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By Jesse Bowman Young, D.D., Litt.D.
O Lord, how manifold are thy works!
In wisdom hast thou made them all:
The earth is full of thy riches. _
Yonder is the sea, great and wide,
Wherein are things creeping innumerable,
Both small and great beasts.
There go the ships;
There is leviathan, whom thou hast formed to take his pas-
These wait all upon thee,
That thou mayest give them their meat in due season.
That thou givest unto them they gather;
Thou openest thine hand, they are satisfied with good.
Thou hidest thy face, they are troubled;
Thou takest away their breath, they die,
And return to their dust.
Thou sendest forth thy spirit, they are created;
And thou renewest the face of the ground.
Let the glory of the Lord endure for ever;
Let the Lord rejoice in his works.
— Psa. 104. 24-31.
O Word of God,
O Wisdom from on high,
O Truth unchanged, unchanging,
O Light of our dark sky;
We praise thee for the radiance
That from the hallowed page,
A lantern to our footsteps,
Shines on from age to age.
It floateth like a banner
Before God's host unfurled;
It shineth like a beacon
Above the darkling world.
It is the chart and compass
That o'er life's surging sea,
'Mid mists and rocks and quicksands,
Still guides, O Christ, to thee.
— William Walsham How.
THE POETRY OF SCRIPTURE: ITS FORMS
Much more of the Old Testament is occupied by
poetical contents than the ordinary Bible reader is
aware of, for most of the books of the Prophets are
poetical in form as well as in their literary style.
The five poetical books, already enumerated — Job,
Psalms, Proverbs, Ecclesiastes, and the Song of Songs
— when printed as they are in the Revised Version,
are at first sight seen to be of that order. Bishop
Lowth, in his version of Isaiah, and Dr. Moulton in
his edition of the Prophetical Books, as well as other
writers, have shown that there is thoroughly good
reason for printing these books in the like manner.
When thus set before the eye they have a new beauty
and a fresh meaning.
The modern typographical setting in which these
books are or may be presented indicates at a glance
the distinctive feature of Hebrew poetry, as to its
structure — namely, the system of parallelism. As
compared with English forms of verse even a child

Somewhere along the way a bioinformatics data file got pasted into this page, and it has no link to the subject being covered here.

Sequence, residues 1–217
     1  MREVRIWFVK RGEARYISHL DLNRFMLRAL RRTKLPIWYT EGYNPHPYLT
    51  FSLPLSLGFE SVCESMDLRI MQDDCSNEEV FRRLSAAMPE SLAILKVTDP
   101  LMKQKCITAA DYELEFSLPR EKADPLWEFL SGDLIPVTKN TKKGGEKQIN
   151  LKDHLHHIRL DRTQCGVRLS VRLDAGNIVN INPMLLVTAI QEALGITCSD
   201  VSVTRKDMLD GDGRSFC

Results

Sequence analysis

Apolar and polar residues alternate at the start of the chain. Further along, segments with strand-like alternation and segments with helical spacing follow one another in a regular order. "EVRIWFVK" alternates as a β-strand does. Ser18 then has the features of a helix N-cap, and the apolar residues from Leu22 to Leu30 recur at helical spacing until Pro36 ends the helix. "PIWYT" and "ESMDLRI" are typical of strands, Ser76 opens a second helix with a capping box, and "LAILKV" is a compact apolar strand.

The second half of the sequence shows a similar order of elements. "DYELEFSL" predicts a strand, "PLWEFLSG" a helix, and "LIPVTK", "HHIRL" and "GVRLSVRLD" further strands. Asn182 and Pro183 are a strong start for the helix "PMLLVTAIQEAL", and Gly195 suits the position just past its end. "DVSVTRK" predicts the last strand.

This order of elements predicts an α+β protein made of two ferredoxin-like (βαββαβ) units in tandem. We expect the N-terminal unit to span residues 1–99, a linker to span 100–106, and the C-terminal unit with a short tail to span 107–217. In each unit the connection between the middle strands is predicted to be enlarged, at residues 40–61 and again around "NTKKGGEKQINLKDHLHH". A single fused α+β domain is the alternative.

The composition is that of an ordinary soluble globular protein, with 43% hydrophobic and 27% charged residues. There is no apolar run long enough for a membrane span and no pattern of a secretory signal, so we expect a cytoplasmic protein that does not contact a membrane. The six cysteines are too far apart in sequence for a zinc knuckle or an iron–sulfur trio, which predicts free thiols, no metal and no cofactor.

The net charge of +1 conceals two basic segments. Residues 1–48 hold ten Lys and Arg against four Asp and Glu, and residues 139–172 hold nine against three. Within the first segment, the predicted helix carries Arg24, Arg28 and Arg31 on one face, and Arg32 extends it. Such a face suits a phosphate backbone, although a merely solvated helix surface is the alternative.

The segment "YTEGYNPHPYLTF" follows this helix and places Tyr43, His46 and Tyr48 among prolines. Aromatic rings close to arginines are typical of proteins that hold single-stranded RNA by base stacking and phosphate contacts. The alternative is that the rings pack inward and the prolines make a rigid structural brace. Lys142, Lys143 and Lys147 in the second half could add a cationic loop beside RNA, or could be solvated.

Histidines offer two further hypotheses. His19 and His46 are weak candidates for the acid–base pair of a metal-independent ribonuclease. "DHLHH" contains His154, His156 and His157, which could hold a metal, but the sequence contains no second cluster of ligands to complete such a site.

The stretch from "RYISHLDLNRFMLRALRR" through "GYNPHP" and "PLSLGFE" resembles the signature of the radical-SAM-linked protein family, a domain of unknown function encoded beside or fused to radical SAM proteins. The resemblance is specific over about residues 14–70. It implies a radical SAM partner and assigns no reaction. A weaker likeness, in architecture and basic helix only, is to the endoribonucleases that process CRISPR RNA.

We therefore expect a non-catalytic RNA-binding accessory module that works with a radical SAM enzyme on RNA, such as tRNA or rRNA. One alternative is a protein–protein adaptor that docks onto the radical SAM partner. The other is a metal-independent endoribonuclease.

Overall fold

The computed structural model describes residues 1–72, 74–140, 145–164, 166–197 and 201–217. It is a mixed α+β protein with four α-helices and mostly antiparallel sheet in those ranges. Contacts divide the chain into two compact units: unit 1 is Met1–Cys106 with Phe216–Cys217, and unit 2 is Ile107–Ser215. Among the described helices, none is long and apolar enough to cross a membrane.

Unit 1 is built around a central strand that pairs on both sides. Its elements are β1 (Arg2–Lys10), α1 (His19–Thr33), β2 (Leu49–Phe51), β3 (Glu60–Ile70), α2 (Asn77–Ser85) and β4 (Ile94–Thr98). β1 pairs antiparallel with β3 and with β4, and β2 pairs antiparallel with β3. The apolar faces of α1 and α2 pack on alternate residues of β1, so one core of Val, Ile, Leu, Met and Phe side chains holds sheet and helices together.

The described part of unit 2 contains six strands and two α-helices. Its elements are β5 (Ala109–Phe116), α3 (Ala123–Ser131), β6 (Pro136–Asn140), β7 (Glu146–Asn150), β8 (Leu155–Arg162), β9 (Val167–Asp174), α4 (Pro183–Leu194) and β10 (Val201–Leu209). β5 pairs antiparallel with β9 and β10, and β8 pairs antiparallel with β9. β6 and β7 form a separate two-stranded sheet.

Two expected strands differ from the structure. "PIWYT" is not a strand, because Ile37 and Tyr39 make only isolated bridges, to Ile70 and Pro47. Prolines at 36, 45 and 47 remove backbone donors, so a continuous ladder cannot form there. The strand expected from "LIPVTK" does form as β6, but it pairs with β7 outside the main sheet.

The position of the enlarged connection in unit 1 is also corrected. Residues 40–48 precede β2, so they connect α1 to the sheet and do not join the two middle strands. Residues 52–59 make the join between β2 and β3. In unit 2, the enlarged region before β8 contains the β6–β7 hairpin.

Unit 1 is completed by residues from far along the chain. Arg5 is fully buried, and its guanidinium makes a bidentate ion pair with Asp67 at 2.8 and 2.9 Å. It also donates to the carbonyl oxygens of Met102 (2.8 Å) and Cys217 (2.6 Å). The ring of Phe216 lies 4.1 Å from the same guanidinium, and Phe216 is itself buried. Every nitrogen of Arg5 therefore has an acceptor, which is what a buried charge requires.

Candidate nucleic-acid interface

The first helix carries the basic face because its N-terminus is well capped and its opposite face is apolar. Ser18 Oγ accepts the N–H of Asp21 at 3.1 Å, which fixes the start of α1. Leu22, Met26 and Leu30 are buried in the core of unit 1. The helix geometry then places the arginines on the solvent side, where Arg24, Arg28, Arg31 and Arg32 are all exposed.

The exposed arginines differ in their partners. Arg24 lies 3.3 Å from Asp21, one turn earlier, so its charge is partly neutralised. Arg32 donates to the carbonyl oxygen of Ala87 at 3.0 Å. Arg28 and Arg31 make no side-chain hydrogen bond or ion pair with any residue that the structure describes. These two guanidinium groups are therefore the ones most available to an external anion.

can note the difference between biblical and other
poetry. In Hebrew poetry there is no rhythm, such
as is revealed in the musical lines from Byron:
The Assyrian came down like the wolf on the fold,
And his cohorts were gleaming with purple and gold.
76 CHARMS OF THE BIBLE
In Hebrew verse there is no rhyme — a feature which
often adds melody to our versified lines; there is
no meter, such as characterizes English blank verse,
as in the following from one of Bickersteth's produc-
God's oracles grew luminous as he spake;
And all along the ages good from ill
And light from darkness sprang, as day from night.
The first faint dawn from ruined Eden rose,
And glimmered round the solitary ark,
And lighted up Moriah's sacrifice,
And shed its warmth on Jacob's dying couch,
And bathed the bloodstained mercy seat with love.
When we say that these elements, meter and
rhyme, are lacking from Hebrew poetry we are not
unmindful that some great scholars are still at work
in Germany and in this country trying to work out
the theory that both these features occur in the Old
Testament originals; thus far, however, they have
not established their contention. At any rate, the
matter is not essential to our discussion, for the dis-
tinctive fact of Hebrew parallelism as the chief phase
in the form of biblical poetry still remains in either
case without question.
There are three chief forms of Hebrew poetry,
which we may briefly instance here: (a) the Synony-
mous, (6) the Antithetic, and (c) the Synthetic.
(a) In the simplest form of Hebrew" poetry the
writer puts his message into two lines, the second being
simply a continuation or an enlargement of the idea
in the first, or perhaps only a repetition of the first
in a slightly different phraseology. Thus the second
THE POETRY OF SCRIPTURE: ITS FORMS 77
line may be almost an echo of the first. The following
citations are illustrations of this form:
I am become a stranger unto my brethren, Psa. 69. 8
And an alien unto my mother's children.
We are become a reproach to our neighbors, 79. 4